The government must take action against care home employers refusing to employ staff hesitant about having the Covid vaccine, or intimidating others into having the injection by linking it to pay and employment.
If the vaccine programme is to work properly and maximum take-up across the social care secured, individuals should be encouraged, not intimidated, into receiving a jab.
UNISON has written to care minister Helen Whately calling for the government to intervene. It follows the announcement that Barchester Healthcare will not hire workers who refuse the vaccine, and will restrict promotions, bonuses and other rewards only to those who have had the injection. A small number of other companies are understood to be considering following suit.
This heavy-handed approach is exactly the opposite of what’s needed to encourage the maximum number of care workers to come forward for the vaccine, says UNISON. It is urging all care companies to adopt a similar approach to that being used across the NHS.
UNISON says the Barchester move goes against the government’s own advice and it wants to see ministers make a stand against the company.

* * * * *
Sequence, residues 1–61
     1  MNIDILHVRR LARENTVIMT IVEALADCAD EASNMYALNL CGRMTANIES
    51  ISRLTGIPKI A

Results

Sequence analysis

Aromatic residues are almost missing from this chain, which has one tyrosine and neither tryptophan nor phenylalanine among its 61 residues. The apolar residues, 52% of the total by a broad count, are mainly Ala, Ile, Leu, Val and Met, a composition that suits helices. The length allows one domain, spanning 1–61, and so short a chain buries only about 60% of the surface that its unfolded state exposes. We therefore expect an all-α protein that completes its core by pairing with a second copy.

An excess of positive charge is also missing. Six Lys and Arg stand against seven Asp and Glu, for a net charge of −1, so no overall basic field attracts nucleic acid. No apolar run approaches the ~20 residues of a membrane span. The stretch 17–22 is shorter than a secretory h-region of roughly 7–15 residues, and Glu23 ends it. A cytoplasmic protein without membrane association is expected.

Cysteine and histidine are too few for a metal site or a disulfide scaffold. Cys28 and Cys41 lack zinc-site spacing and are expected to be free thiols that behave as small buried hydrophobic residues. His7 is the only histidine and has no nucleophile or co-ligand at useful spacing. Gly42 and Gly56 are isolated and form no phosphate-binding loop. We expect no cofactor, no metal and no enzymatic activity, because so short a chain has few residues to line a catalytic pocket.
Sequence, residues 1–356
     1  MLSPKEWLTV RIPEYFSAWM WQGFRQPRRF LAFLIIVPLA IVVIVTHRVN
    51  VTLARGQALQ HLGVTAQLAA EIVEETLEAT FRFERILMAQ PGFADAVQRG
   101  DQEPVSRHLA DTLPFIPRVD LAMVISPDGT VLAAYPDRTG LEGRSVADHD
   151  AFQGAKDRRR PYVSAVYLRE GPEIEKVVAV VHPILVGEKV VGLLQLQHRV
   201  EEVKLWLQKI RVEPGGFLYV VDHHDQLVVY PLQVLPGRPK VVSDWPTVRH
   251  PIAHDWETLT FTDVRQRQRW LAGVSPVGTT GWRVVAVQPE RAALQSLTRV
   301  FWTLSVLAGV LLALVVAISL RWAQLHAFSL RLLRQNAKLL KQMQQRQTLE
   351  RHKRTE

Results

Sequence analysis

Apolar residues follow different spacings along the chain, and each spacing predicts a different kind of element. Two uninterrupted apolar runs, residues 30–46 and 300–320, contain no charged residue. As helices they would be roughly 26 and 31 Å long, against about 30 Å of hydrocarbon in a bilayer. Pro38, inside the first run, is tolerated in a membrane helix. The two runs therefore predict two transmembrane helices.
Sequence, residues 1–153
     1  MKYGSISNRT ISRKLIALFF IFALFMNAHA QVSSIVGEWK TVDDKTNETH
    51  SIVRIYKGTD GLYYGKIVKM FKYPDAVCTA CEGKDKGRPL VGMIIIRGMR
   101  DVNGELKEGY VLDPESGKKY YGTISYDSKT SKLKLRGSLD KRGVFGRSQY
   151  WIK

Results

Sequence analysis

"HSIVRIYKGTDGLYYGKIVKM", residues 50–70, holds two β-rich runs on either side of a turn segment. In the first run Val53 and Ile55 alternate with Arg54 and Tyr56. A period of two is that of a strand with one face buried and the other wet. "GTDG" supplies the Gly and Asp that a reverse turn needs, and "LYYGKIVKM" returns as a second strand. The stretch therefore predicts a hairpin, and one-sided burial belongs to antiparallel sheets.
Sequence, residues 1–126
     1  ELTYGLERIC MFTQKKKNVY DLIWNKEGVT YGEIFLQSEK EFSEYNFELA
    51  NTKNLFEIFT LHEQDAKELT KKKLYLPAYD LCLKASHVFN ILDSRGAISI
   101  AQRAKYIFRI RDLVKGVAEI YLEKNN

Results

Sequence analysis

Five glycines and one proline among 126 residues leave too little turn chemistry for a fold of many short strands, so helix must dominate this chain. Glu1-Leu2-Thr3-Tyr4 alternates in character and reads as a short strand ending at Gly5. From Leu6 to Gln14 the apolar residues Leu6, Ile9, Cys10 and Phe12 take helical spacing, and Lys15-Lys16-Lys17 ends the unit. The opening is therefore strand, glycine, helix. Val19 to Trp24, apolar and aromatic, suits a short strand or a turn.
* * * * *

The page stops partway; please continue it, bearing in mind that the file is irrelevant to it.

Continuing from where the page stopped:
In its letter, UNISON urges the care minister to “send a strong message to employers that putting pressure on staff to take the vaccine as a condition of their work is totally unacceptable”.
“We are asking that you act now to make it clear to the sector that the government expects employers to behave responsibly and promote trust and confidence in the vaccine programme,“ the letter adds.
UNISON regional secretary Clare Williams said: “The vaccination programme is the way out of this health crisis. The more care workers who get a jab, the safer the sector will be.
“But care employers who put punitive measures in place for staff, or make it a condition of work, are undermining trust and confidence in the vaccine. They are also at odds with the sensible approach being taken by most employers and the NHS.
“Companies would do better to concentrate on informing staff about the benefits of the vaccination, rather than intimidating them. Ministers should be firm with Barchester that its approach is wrong and must be reversed.”